Take a Ride: Jump on your bike and and take a ride. Bike paths are often shared with pedestrians, so be sure to share the road.
Take a Dip: Looking for an up-close and personal view of the water? Rent a kayak, canoe, or paddleboard and hit the water.
Take a Skate: Strap up your inline skates and zip along the paved sections of the trail. Old railroad trails make great skating surfaces because they follow an even plane and there is generally less than a 3% grade change.
Take a Climb: Climb one of the highest walls in the Southeast Pennsylvania area! Visit Chickies Rock Park to test out your rock climbing skills.
Cast a Line: Bait up your hook and throw in your line. Rail-trails have excellent fishing access because they are built along existing rivers, canals and towpaths.
If you see an outdoor activity you’d like to try, but don’t own the gear, we will help you find a reputable rental company, so you can get outside and enjoy Pennsylvania! Two of our favorite rental companies include:
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What could be better than a relaxing stay at the B.F. Hiestand House Bed & Breakfast in the heart of Pennsylvania? How about a relaxing stay coupled with our Wine & Brew Tour?
The Lancaster, York, and Hershey, Pennsylvania area is rich with wineries that produce beverages and ambiance of surprising quality. Our fun-loving innkeeper, Dallas, will chauffeur you around the area, providing you a relaxing tour experience. You will enjoy sprawling vineyards, boutique tasting rooms, and welcoming winemakers.
As you travel from winery to winery, or winery to brewery (you get to choose!), you’ll learn about the history of the region. The tour explores the art of wine and beer making and includes a picnic lunch. The best news is that you don’t have to worry about drinking and driving!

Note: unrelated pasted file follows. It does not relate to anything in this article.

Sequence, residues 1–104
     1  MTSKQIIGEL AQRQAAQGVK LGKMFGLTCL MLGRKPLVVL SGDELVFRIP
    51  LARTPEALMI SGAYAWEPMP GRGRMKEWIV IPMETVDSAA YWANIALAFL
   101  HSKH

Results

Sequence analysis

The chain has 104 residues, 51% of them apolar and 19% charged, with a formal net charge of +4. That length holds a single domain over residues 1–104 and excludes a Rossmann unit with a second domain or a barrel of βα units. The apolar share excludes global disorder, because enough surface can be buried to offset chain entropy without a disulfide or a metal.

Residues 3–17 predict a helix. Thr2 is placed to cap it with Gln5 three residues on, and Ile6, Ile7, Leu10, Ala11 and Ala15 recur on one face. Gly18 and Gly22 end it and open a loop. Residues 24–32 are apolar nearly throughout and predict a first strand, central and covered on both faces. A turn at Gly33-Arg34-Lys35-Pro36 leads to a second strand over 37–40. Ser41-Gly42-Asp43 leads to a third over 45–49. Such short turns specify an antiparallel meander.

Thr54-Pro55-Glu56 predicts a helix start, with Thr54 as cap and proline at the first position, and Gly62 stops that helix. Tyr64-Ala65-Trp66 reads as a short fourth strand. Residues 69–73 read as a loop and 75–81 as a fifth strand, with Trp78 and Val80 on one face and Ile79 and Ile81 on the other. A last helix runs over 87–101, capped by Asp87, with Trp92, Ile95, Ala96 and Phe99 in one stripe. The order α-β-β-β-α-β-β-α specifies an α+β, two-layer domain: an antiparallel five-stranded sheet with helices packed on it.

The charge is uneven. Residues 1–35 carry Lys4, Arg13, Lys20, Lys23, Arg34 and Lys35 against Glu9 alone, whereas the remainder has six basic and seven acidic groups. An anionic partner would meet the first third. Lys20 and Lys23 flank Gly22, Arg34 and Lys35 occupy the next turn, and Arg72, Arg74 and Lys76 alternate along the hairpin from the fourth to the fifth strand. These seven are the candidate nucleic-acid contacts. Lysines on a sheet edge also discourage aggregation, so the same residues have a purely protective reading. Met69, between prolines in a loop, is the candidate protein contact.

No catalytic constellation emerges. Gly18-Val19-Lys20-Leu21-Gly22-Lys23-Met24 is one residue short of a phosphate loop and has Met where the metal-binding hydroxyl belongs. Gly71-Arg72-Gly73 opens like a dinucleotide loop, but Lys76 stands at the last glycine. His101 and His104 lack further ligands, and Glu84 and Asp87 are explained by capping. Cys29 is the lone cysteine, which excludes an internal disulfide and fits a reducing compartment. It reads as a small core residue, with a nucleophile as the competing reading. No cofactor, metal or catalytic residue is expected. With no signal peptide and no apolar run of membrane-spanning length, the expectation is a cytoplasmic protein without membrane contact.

The Wine & Brew Tour is offered Thursday through Saturday and begins at 12:00pm and concludes around 5:00pm. Your tour includes:
Wine tasting at four (4) select wineries,
A gourmet fruit, cheese, cracker and chocolate platter to be enjoyed at your second stop,
Bottled water available throughout the tour, and
As you travel from winery to winery, you’ll learn about the history of the region.
Here are just some of the wineries and breweries we include in our tours from the many located around Lancaster, York, and Hershey, Pennsylvania. We’d love to treat you to a Wine & Brew Tour on your next visit with us!
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March was such a warm month here, and we were so excited to get outside to start cleaning up our flower and raised vegetable beds. Dallas started growing pansies, spinach, and lettuce in the basement under the grow lights. He has since started tomatoes and peppers. The fruit trees were pruned. We purchased flats of alyssum, pansies, petunias, begonias, and geraniums at our favorite Amish greenhouse, Conestoga Valley Greenhouse in Lancaster. New cocoa mat liners for the hanging baskets were found at Rohrer’s Seeds in Smoketown as well as all of the organic seeds needed for our vegetable garden. We also bought 25 new everbearing strawberry plants to put in this year. We’ve been so busy!
A cold snap happened in the first two weeks of April that caused us to come to a complete stop. We even had SNOW on April 9th, which is so hard to believe! We are now scrambling to get everything planted. Dallas and Mike (our part time helper) spent the better part of the past two days cleaning up and planting the flower beds. Dallas planted the spinach and lettuce in garden, but his pansy seedlings didn’t do too well. We are worrying about our peach trees, as they had bloomed prior to the late freeze. The apple and pear trees are just beginning bud break, so they should be okay. Guests can look forward to some amazing organic fruit, herbs, and vegetables coming from our garden over the next few months!